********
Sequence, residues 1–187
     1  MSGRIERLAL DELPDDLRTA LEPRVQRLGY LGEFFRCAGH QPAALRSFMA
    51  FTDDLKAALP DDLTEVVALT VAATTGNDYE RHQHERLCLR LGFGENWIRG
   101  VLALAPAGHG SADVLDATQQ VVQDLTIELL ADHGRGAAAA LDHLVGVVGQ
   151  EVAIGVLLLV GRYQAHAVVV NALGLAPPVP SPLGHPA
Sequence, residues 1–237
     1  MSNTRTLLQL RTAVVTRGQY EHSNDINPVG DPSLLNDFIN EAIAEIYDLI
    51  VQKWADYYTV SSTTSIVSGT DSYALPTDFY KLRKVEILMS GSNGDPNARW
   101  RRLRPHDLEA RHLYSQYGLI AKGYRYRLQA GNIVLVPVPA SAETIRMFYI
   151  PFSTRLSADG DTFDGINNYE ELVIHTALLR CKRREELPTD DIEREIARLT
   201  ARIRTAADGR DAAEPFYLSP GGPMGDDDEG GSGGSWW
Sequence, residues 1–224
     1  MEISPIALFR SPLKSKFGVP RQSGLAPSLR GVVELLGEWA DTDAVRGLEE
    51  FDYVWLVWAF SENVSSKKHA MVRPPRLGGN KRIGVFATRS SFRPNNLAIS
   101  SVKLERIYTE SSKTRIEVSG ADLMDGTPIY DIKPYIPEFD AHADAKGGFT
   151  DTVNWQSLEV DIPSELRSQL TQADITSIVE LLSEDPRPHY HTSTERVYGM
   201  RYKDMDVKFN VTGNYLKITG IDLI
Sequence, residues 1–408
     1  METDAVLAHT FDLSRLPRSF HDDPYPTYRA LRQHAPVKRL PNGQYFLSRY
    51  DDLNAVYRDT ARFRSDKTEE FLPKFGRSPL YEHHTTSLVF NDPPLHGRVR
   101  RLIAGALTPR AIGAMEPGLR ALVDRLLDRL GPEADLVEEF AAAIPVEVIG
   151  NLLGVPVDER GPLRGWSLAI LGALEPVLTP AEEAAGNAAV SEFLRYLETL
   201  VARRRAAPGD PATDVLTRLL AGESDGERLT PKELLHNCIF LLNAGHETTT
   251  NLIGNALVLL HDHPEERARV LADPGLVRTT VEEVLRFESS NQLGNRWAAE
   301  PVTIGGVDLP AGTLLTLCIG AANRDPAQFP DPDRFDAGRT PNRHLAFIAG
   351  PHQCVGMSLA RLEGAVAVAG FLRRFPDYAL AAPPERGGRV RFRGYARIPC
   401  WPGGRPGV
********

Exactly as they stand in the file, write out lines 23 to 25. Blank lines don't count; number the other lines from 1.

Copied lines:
   201  VARRRAAPGD PATDVLTRLL AGESDGERLT PKELLHNCIF LLNAGHETTT
   251  NLIGNALVLL HDHPEERARV LADPGLVRTT VEEVLRFESS NQLGNRWAAE
   301  PVTIGGVDLP AGTLLTLCIG AANRDPAQFP DPDRFDAGRT PNRHLAFIAG